Opening Bell: France gets tough on tax, Vodafone announces IRFU deal, Irish employers need more skilled workers

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French finance minister, Michel Sapin has warned that the country will do all that it can to ensure that multinationals operating in France pay their full tax bills.

His comments come after recent raids on Google and McDonald’s offices in France.

The minister has ruled out negotiating a deal with Google if it is found to owe back-taxes.

The investigation has focused on taxes on Google’s activities in France being paid by its European headquarters in Dublin.

Google says that it complies fully with French tax law - and McDonald’s issued a statement saying that it is one of France’s top taxpayers.

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Vodafone has been announced as the new main sponsor of the Irish rugby team.

It will replace its telecom rivals Three. The deal is reported to be worth €50m.

The IRFU will reveal a new jersey today, with the new shirt sponsor - you can watch the unveiling live on Newstalk.com/sport.

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Former ESRI chief and current member of the Central Bank governing commission - John Fitzgerald - has warned that Ireland could be trying too hard to convince financial companies to move here if the UK votes to leave the EU.

He says we should not be courting firms who will not provide real benefits to the Irish economy.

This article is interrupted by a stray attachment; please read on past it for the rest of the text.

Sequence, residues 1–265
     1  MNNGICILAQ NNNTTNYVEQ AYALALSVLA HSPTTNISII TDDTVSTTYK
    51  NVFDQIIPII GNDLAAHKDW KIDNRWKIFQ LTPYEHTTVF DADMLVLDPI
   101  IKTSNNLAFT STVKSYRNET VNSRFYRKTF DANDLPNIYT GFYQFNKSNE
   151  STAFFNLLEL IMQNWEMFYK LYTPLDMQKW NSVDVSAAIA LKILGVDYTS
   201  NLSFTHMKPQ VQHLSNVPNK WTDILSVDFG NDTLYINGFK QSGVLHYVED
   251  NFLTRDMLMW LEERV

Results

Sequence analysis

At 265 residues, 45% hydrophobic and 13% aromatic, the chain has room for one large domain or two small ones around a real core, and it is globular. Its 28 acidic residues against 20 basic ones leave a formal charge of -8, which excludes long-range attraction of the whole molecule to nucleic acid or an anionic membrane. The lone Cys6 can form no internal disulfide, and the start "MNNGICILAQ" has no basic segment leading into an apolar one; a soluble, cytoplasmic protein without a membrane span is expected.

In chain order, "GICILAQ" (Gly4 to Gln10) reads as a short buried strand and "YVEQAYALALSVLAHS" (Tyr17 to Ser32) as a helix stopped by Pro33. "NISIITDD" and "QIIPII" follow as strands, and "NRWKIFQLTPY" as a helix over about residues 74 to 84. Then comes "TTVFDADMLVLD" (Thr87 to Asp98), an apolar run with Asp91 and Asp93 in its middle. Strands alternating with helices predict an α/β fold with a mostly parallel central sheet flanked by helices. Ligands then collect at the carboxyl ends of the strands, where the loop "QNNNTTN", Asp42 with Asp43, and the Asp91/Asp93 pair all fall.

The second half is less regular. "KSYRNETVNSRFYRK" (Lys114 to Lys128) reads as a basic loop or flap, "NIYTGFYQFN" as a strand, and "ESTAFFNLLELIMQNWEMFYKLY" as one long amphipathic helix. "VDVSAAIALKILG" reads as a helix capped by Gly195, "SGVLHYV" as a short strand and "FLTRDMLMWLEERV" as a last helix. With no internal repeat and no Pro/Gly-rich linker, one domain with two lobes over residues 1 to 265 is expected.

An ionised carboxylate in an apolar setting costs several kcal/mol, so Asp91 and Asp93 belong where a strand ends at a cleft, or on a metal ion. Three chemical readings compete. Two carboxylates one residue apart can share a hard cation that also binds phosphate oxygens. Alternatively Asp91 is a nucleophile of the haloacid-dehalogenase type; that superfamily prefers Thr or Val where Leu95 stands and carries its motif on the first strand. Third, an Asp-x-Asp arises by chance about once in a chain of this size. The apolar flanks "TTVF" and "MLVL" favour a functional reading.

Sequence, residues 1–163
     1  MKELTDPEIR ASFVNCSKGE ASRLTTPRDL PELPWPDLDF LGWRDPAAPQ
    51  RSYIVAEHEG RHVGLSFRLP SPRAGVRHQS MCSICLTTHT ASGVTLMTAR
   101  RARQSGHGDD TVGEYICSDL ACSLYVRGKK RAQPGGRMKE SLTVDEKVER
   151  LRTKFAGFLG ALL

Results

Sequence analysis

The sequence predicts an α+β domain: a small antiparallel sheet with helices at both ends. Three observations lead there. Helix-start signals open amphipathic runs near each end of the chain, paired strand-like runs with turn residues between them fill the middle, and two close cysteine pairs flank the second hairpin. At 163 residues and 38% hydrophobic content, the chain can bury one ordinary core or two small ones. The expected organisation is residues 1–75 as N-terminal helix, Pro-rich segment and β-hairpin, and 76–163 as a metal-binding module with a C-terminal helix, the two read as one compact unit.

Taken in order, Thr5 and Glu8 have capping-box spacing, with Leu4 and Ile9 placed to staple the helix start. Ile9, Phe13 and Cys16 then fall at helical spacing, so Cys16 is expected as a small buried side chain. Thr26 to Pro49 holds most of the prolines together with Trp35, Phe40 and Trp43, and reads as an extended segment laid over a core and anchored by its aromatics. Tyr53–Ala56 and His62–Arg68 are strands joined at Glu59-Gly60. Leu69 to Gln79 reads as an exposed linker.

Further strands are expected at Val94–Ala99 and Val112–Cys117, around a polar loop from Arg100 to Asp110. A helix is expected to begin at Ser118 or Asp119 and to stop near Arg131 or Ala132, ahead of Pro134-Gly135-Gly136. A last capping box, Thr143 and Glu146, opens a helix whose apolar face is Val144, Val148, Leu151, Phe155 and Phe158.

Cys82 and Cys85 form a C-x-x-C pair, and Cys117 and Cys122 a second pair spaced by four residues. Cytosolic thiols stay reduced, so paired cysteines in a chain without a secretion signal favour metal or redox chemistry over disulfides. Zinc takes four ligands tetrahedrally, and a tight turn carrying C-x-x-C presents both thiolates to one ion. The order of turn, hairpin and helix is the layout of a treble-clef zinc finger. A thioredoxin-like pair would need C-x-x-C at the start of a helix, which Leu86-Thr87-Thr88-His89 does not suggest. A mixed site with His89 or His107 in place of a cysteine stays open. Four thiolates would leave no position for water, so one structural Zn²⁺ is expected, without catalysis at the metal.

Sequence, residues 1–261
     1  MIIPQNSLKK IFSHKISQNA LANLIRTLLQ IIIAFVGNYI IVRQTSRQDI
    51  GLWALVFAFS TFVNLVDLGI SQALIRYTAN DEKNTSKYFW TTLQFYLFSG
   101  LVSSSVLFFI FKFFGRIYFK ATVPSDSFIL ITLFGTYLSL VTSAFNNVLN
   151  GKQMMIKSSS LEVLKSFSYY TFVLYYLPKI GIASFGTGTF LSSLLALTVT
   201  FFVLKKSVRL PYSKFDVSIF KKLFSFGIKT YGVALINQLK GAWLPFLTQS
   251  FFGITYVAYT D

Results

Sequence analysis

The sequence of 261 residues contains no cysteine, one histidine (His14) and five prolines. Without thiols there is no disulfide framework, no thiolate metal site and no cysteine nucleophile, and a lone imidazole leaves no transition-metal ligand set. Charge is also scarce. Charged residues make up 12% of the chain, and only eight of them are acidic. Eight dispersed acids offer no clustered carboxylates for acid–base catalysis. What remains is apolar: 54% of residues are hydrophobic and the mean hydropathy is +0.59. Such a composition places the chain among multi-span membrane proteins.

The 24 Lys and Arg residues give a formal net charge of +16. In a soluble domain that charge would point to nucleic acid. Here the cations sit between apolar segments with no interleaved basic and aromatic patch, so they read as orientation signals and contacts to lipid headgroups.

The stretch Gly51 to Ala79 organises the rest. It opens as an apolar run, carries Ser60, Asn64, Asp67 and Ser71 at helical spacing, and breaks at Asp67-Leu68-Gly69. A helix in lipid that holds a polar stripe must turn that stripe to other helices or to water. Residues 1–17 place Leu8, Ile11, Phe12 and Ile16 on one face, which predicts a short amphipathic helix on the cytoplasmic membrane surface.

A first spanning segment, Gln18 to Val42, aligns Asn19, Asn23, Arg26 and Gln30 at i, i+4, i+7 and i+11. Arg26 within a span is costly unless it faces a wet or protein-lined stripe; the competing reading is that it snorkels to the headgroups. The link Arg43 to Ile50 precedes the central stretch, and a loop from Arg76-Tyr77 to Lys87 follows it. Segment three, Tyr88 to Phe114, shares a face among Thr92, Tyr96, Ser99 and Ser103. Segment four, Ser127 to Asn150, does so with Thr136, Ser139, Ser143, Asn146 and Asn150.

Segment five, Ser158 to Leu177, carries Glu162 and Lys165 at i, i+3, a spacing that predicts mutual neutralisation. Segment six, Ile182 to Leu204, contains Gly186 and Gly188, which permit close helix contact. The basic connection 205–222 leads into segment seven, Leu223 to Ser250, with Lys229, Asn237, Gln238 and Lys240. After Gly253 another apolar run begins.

He fears that many companies being targeted by the IDA may not create jobs or make significant tax contributions in Ireland.

In response, the IDA has said that it stays away from risky investments, and that it is working with the Central Bank and Department of Finance to provide the best returns for the Irish economy.

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A poll of 600 leading economists commissioned by The Observer has found that 88% believe that there will be a long term fall in the UK’s GDP if it leaves the EU.

The study also found that 82% believe that Britain's average household income will drop if it decides to leave.

The majority said that an exit would have an immediate negative impact on the British economy, and only 4% believe that a Brexit would have a positive long term effect.

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44% of Irish exporters have said that they struggle to find skilled workers.

Half of the companies surveyed by Irish Exporters' Association have taken on new employees in 2016 - but they say it’s getting harder to find the right staff.

The research showed that a Britain possibly leaving the EU is a major concern for Irish businesses.

However - 73% of companies are not hedging against a Sterling currency shock if the UK decides to go.